Right now in Ostional, Costa Rica it is turtle season. The nesting season is known in Costa Rica as Arribadas; this means tons of turtles will come to the beach to put their eggs and hopefully in about 6 weeks the little ones will crawl to the ocean safe and sound. We all know this is not always the case, we all follow the news, social media and watch discovery channel. Stories of locals stealing the eggs to sell for consumption. This is a true fact but I have to say I was surprised last Sunday to see how protective the locals were; telling people not to run, chasing away vultures and keeping the dogs away from the nests. I saw nobody even attempting to grab a single egg 🙂
Because the season has started we now offer The Sea Turtle Awareness Distinctive Specialty course.
this course introduces divers and snorkelers to basic sea turtle identification and conservation.
The goals of Sea Turtle Awareness course training are:
• To familiarize students with the role of Project AWARE in preserving the aquatic environment.
• To introduce sea turtle species common in temperate or tropical waters.
• To provide students with the knowledge and skills needed to identify turtles and record sightings.
What is Project AWARE’s Mission and Purpose?
Project AWARE is dedicated to conserving underwater environments through education, advocacy and action. We partner with divers and water enthusiasts to protect aquatic environments around the world and involve them in environmental projects, activities and campaigns working toward global conservation solutions.
What role do sea turtles play in the marine ecosystem?
Because ecosystems are composed of interrelated elements, anything that affects one element usually has a rippling effect throughout
the whole ecosystem. Sea turtles, as marine and terrestrial animals, play important roles in the marine as well as the beach and dune ecosystems.
• Sea grass. Sea turtles help to keep sea grass healthy because their grazing action helps it grow across the sea floor. In addition, turtles digest the sea grass leaves, which are then made available as nutrients to other organisms. Sea grass beds are among the most valuable ecosystems due to this nutrient recycling action.
• Coral reefs. Hawksbill turtles feed predominantly on coral reef sponges. This helps control sponges that might otherwise outcompete corals for space on reefs.
• Open ocean. Leatherback turtles are one of the few marine animals that consume jellyfish – helping balance jellyfish populations in the open ocean.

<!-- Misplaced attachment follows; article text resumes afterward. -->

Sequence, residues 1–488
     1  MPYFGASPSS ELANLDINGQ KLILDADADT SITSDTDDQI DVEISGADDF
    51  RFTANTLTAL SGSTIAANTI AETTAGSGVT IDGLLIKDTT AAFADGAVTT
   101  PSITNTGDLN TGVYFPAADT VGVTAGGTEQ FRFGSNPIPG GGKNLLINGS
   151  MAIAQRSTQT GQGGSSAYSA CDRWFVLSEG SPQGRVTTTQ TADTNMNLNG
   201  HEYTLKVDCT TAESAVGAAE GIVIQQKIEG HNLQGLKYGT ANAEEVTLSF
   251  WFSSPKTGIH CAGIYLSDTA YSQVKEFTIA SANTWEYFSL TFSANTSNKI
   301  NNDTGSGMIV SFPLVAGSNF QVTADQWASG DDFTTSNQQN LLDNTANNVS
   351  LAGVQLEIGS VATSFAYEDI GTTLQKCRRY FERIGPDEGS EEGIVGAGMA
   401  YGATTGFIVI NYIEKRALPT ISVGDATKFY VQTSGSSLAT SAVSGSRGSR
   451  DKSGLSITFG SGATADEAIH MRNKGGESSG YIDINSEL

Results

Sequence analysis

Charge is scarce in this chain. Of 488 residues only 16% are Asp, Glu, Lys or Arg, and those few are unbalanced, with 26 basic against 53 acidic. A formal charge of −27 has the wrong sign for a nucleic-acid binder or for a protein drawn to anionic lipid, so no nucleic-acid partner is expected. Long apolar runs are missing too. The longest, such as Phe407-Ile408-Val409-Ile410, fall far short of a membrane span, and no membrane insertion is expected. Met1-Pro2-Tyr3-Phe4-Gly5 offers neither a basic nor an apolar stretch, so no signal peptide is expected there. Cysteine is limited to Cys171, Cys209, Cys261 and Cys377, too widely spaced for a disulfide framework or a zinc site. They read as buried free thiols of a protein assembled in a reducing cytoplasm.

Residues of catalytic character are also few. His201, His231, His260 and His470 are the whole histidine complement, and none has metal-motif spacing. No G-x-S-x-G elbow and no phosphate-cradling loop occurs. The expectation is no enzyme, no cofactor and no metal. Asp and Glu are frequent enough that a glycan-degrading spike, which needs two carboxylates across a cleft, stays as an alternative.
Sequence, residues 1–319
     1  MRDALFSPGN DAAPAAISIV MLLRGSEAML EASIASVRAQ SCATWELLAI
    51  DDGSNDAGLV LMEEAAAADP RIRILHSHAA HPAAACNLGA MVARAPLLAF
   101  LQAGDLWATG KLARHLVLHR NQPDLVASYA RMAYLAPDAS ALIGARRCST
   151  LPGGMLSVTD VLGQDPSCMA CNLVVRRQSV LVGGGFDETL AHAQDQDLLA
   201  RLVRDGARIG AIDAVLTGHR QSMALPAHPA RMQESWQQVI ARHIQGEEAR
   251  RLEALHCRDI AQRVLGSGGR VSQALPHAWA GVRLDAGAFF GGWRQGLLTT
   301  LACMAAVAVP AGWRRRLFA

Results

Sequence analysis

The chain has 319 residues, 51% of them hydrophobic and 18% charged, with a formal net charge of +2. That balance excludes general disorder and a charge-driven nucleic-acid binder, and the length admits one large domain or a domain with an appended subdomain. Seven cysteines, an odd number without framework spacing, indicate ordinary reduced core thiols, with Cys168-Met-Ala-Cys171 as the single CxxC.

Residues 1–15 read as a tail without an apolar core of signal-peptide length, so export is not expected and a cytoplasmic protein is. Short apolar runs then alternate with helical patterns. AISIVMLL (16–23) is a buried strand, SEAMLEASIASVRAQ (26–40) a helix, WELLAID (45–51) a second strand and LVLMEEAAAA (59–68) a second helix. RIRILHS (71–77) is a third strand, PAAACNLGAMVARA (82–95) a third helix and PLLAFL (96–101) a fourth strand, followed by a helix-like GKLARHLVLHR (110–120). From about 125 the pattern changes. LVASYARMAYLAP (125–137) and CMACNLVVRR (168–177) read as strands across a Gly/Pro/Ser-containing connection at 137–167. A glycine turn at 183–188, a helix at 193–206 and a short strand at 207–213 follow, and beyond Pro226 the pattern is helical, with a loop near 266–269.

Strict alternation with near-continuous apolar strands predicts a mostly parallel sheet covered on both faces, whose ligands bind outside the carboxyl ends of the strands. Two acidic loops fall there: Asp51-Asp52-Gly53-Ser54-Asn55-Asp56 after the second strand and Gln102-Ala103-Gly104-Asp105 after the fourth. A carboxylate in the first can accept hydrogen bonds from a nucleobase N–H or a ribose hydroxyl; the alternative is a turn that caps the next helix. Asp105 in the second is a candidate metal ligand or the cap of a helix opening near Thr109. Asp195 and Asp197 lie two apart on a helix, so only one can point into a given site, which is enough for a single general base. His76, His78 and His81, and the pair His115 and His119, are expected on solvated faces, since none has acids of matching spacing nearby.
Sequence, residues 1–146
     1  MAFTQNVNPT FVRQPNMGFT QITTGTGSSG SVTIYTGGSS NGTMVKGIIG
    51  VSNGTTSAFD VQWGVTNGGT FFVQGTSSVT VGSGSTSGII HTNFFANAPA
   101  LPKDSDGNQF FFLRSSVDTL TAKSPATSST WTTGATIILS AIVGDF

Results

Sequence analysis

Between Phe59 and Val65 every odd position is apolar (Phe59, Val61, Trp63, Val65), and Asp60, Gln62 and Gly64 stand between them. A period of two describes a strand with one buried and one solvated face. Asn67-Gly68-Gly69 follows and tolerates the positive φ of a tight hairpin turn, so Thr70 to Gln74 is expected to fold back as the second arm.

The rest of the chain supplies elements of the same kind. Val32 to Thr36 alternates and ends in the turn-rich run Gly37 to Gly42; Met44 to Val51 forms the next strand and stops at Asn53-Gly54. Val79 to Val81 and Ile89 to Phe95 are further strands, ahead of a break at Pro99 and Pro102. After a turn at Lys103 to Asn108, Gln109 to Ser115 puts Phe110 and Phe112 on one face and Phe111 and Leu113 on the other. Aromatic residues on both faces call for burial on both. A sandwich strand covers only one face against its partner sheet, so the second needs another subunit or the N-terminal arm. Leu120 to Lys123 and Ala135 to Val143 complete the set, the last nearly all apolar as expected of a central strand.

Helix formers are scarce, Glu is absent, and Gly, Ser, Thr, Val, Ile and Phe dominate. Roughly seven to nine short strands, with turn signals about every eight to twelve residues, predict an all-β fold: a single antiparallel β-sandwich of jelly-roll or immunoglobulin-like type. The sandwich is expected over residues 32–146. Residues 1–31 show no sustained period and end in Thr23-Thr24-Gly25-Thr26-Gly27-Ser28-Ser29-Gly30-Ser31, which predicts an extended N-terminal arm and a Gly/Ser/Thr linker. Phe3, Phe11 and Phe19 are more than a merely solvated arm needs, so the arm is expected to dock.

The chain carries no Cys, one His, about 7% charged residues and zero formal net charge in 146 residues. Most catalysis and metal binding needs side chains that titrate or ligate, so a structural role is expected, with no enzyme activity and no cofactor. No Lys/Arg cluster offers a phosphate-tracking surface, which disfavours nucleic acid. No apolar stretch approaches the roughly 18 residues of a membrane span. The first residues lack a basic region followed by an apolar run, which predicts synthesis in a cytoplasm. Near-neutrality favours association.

You have to admit these are some interesting facts and now your curiosity is tickled? Join us for the Turtle Specialty! We will give you as much information as possible and of course the best time to do this is during the season,
Costa Rica is a primary nesting site for four species of Sea Turtles; Leatherback, Green, Hawksbill and Olive Ridley Sea Turtles. These turtles utilize beaches on both the Caribbean and Pacific side and have done so for thousands of years. Turtles nearly always nest late in the afternoon or at night and hatchlings come out at this time as well after an average 45 day incubation period. I will list some of the beaches for you to go to and observe these arribadas. If you are interested in joining our turtle conservation course I would recommend you plan a trip to any of the beaches below either before or after the course.
Playa Nancite: primary nesting site for Olive Ridley Turtles. July-November
Las Baulas: Closely Located near Tamarindo in Guanacaste, a primary nesting site for the giant Leatherback Turtles , October-February.
Ostional : primary nesting site for Olive Ridley Turtles, about 2 hours from Coco. This occurs monthly from May-November; all depending on the moon
Camaronal: The refuge is located just south of Samara and is probably the most consistent place to observe turtles nearly year round. Three species come to nest here at various time of the year including Hawksbill, Leatherback and, Olive Ridley Sea Turtles. Most turtles come between May-November, but stragglers can be observed nearly every night from February-December.
Finca Baru: a nesting site for Olive Ridley Turtles. July-November.
Tortuguero: The Park is probably the most known turtle nesting site in Costa Rica. Atlantic Green Sea Turtles utilize the beaches here for nesting from July-October.
Cahuita: Four species of turtles come to nest on Playa Vargas each year; Atlantic Green, Hawksbill, Leatherback and Loggerhead. Atlantic Green Turtles July-October, Leatherbacks March-July. Both Loggerhead and Hawksbill Turtles February-May.
Gandoca Manzanillo: Located on the Caribbean coast, several species of turtles nest here; Atlantic Green, Hawksbill, Leatherback and Loggerhead. March-May.
For more info send us an email: firstname.lastname@example.org
Now lets look forward to Sarah’s famous true facts on turtles!